The disclosure of transcripts from clandestine meetings held in March 1986, between three high-ranking Shin Bet security-service officials and then-Attorney General Yitzhak Zamir (reported by Gidi Weitz in Haaretz English Edition on September 27 ), has brought the story of the Bus 300 affair back into the headlines.
Over 27 years have passed since Shin Bet officer Ehud Yatom murdered the two terrorists who hijacked the bus. He subsequently confessed, in an interview with Yedioth Ahronoth (which he later disavowed), that, "On the way, I received an order from [Shin Bet Chief] Avraham Shalom to kill the men, so I killed them." With the refutation of the official version of events, the publication of a photo of one of the terrorists while still alive, and the rumors about the manner in which the Shin Bet operates, a systematic cover-up of the murder was put into place. This effort succeeded in pulling the wool over the eyes of two investigative committees (led by Meir Zorea and Yona Baltman, respectively ) that attempted to study the circumstances of the deaths of the hijacker terrorists.
Once the cover story was blown, it emerged that some of the witnesses who were subpoenaed by the committees asserted that the "liquidation" and the false testimony were carried out in accordance with norms, according to which the Shin Bet often tortured suspects under interrogation and then systematically denied that behavior in the courts.
When stories about false testimony, attempts to deceive the committees and other deviant Shin Bet activities became public knowledge, there was a loud outcry. However, Shimon Peres and Yitzhak Rabin (the prime minister and defense minister, respectively, in 1986 ) and Yitzhak Shamir (prime minister at the time of the murders ) elected to protect the Shin Bet officials, and Zamir, the attorney general who wished to investigate the affair, was dismissed. Immunity and presidential pardons prior to trial were also arranged for those who participated in the murder and the false testimony.
The Landau Commission, which was set up to examine Shin Bet practices in the wake of this and other affairs, also revealed that agency officials had systematically lied to the courts over the course of many years. In its final report, the commission noted, "Investigators have the feeling that their actions not only have the backing of their superiors, but also that parties outside the service knew of them and acquiesced to them. Based on what was claimed before the committee, these parties included the civil and military prosecution establishments, the courts and the political echelon."
The 1980s are over, and yet the torture continues to this day, as does the culture that permits lying to judges and to the public in the name of "security." The same culture of fabrication and the same sense of immunity remain in place. Only the style of institutional backing and cover-up has changed.
Since 2001, over 700 complaints against Shin Bet interrogators, involving suspicions of torturing investigation subjects, have been submitted to the attorney general - but not a single criminal investigation was launched in response. Such complaints are referred by the attorney general for examination by the "inspector for complaints by investigation subjects," a position filled by a Shin Bet official. Unsurprisingly, the people who have filled this position in the past decade "investigated and found" that all of the complaints about torture were submitted too late, or were incorrect, or that the actions of the investigators were justified.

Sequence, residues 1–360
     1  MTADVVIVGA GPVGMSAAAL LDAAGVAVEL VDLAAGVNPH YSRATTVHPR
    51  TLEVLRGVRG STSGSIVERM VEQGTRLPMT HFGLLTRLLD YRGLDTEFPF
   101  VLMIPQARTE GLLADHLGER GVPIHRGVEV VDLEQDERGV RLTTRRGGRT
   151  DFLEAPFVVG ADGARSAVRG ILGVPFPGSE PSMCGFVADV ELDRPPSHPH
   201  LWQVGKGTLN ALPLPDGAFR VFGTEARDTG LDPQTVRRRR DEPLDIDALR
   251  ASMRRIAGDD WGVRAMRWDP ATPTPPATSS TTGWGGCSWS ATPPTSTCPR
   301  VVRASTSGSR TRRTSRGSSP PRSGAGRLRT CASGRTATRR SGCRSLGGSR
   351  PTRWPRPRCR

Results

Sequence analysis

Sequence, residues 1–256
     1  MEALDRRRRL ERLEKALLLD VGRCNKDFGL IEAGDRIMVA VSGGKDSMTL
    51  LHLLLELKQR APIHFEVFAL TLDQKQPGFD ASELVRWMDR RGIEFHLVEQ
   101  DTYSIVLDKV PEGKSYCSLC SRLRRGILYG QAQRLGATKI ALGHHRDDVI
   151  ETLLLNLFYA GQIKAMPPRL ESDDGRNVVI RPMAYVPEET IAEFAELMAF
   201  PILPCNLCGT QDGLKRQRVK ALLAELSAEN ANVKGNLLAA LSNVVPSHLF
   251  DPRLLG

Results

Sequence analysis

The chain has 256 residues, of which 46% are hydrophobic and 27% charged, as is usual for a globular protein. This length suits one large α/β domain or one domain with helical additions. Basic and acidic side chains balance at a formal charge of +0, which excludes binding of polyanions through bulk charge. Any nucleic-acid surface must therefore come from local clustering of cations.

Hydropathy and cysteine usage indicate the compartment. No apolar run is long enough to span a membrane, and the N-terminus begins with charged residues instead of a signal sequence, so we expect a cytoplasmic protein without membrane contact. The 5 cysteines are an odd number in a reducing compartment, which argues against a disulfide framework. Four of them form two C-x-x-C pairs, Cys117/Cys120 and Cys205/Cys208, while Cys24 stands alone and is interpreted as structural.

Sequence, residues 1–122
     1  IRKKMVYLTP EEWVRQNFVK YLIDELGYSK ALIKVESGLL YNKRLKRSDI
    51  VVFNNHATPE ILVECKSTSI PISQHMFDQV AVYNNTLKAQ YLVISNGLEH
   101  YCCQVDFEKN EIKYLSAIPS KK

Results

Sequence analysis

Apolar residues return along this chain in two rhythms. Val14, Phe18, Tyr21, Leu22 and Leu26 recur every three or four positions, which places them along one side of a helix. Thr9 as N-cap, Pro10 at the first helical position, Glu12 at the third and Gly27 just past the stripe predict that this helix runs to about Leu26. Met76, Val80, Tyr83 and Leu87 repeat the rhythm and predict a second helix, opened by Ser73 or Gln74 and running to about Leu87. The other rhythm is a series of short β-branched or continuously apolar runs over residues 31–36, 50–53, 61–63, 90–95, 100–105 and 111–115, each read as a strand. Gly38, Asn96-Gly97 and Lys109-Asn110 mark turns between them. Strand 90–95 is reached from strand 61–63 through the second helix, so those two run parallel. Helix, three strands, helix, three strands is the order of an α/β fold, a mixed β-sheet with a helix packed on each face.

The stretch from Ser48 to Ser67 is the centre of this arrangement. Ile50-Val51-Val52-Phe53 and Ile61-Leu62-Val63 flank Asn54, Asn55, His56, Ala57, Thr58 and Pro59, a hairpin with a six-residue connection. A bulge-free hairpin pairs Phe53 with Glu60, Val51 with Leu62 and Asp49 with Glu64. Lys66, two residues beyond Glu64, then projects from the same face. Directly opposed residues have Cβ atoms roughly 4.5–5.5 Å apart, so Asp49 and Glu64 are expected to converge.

These "investigation" reports were then submitted to the official in the State Prosecutor's Office who oversees the Shin Bet inspector. He in turn certified the inspector's reports, which in turn received the authorization of the attorney general, in every single case. The backing granted by the attorney general has led to a situation in which, since 2001, no criminal investigations have been initiated by the police internal-affairs division, in the Ministry of Justice, which looks into complaints against law-enforcement officers. In effect, the attorney general has become the roadblock that bars investigation of complaints of torture by the Shin Bet.
Even when a complaint about Shin Bet torture is raised in court, the veracity of the "memorandum" (a binding legal document ) of the suspect's interrogation - on which his conviction is to a certain degree based - is partial at best. Apparently, without the knowledge of the courts, or without their having expressed any interest in the matter, a double system of recording exists in regard to actions taken in the Shin Bet's interrogation rooms. That is, there are two versions of memoranda that are compiled following an interrogation - one internal, for the eyes of the Shin Bet only, and the other "clean," intended for the police and the courts.
Today, as in those days, the immunity offered to Shin Bet interrogators remains absolute, even if they are torturing their subjects. Similarly, the truth about what is done inside the service's interrogation rooms to thousands of security interrogation subjects is still relative, as in those days.
Dr. Ishai Menuchin is the executive director of the Public Committee against Torture in Israel and chairperson of the Israeli section of Amnesty International.